anyhow.
Q. Might this not be seen though in a sense as the
Country Party tail wagging the Coalition dog?
PM. It obviously didn't happen, because I will make
up my own mind, I will listen to advice that is given, but the
decision will be made by me, so your impression of the tail
wagging the dog just couldn't be right.
0. Might this not be an impression that the
electorate could get?
PM. No I don't think so, I think on the contrary it
comes out as a decisive action on my part.
Q. Mr. Anthony seems to see revaluation as an election
issue which could be of some advantage to the Government.
Do you agree?
PM. Yes I do. It will be a marked election advantage
to the Government not only in the country areas but amongst
business and those who want the highest level of employment.
Because if we did revalue I think it would have a bad impact
on employment.
Q. Do you now see an early election as a more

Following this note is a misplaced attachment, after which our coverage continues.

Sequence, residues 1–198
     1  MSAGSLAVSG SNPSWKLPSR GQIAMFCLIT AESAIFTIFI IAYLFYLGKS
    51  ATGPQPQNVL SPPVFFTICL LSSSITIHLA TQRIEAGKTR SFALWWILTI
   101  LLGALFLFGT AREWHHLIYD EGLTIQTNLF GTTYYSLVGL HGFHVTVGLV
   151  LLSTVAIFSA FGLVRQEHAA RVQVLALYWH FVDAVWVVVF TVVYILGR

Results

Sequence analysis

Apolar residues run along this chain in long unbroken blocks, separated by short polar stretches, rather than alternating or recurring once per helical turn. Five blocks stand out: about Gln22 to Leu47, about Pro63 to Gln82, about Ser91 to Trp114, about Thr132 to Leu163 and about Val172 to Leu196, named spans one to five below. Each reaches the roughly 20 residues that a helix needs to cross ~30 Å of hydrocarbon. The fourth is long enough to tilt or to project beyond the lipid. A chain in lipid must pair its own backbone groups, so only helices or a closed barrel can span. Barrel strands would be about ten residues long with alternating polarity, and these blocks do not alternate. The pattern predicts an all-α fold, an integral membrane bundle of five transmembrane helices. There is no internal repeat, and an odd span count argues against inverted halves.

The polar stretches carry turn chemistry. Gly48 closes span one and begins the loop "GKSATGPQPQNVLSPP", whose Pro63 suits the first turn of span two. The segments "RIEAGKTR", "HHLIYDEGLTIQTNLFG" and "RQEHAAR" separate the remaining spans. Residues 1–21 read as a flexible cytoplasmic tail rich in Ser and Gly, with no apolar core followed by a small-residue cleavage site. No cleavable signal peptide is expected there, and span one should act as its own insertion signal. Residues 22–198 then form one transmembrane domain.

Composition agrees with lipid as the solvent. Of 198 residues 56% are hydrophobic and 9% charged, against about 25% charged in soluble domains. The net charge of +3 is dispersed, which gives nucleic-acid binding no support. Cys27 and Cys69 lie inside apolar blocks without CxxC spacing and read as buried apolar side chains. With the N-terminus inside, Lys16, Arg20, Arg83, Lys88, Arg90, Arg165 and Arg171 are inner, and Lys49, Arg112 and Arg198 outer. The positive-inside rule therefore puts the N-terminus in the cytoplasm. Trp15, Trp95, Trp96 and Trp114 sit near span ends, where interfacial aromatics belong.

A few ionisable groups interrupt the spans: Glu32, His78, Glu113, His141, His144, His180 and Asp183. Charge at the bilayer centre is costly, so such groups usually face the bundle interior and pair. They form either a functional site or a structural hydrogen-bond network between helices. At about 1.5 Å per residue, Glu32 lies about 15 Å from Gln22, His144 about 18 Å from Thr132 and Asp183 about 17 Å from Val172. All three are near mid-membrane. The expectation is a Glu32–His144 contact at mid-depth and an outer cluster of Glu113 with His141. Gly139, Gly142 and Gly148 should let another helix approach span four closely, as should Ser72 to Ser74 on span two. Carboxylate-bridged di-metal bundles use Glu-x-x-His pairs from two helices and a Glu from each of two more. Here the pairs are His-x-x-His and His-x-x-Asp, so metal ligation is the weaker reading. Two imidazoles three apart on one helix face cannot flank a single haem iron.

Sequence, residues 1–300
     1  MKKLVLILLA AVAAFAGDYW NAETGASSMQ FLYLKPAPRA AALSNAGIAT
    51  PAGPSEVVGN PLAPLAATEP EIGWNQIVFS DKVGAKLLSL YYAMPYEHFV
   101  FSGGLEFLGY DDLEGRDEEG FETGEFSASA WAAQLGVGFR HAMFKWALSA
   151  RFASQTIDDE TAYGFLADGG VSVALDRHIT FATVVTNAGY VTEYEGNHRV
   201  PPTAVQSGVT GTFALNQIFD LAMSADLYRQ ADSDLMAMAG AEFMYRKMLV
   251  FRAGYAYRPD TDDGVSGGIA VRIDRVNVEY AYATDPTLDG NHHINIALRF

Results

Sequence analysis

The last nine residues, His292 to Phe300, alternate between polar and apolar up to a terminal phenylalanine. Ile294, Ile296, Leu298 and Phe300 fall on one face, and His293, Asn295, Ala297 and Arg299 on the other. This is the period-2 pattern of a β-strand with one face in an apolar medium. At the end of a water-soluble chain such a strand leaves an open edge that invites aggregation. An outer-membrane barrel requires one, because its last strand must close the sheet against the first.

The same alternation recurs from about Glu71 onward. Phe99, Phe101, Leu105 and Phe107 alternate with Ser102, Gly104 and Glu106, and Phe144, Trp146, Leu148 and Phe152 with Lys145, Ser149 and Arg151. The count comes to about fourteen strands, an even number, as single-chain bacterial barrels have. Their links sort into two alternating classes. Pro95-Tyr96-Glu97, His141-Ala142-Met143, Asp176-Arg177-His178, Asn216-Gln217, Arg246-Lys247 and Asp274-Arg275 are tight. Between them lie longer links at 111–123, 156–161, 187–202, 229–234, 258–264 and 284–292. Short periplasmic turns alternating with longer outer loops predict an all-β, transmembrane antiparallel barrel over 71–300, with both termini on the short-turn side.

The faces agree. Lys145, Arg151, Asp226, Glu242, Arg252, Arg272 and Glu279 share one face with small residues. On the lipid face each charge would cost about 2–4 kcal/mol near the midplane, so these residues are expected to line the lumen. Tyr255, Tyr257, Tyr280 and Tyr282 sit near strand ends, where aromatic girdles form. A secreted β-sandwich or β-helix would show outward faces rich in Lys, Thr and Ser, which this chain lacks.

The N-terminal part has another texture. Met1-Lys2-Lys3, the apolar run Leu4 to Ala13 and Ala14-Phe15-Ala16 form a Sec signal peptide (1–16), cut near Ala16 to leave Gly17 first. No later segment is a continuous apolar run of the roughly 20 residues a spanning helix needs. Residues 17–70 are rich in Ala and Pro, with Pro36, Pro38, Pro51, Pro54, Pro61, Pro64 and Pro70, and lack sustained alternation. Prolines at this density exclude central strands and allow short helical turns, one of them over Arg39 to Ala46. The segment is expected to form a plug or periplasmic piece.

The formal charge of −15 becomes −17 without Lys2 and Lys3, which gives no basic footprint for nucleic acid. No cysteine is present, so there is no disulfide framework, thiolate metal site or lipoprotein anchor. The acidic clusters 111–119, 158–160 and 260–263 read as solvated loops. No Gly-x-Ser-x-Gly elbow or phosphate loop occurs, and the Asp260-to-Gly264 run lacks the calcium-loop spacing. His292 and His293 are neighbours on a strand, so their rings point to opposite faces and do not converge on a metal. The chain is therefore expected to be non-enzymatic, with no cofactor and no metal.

attractive prospect?
PM. I just won't give you an answer to this no matter
how much you might try and encourage me to give the exact
date. I think I have the date in my mind and when the
proper occasion, or the prover moment comes when I'll
announce it, I'll announce it in the House and nowhere else.
Q. If the Budget is a good Budget and revaluation
is a good issue what then would be the advantage of waiting
to a later date?
Pm. Well, I'm asked, and I believe this is critically
important for me. We've made certain promises in the Budget.
They are some of the most humanitarian and profound or
wil1espread of any that I know since I've been in the Cabinet.
I believe that those that give benefits to the people should
be put into law before we go to the polls,
Why then does Mr. Anthony want to go now? / 4

PM. You must ask him those questions, but the
country is perhaps a little different, substantially
different, from the rest of Australia. That is a question
you'd better ask him not me.
Q. Mr. Snedden, too, has said that he's quite
happy to have an election.
PM. Yes, but the decision is mine and I will make
it and announce it at the appropriate time.
Q. Do you think the electorate is going to be
affected by this apparent split in the coalition?
PM. No I don't because it's a question as to date
not of substance, and I believe the electorate itself will
want to know the promises made are fulfilled before we in
fact go to the people.
Mr. Prime Minister, thank you very much.

Transcript 2665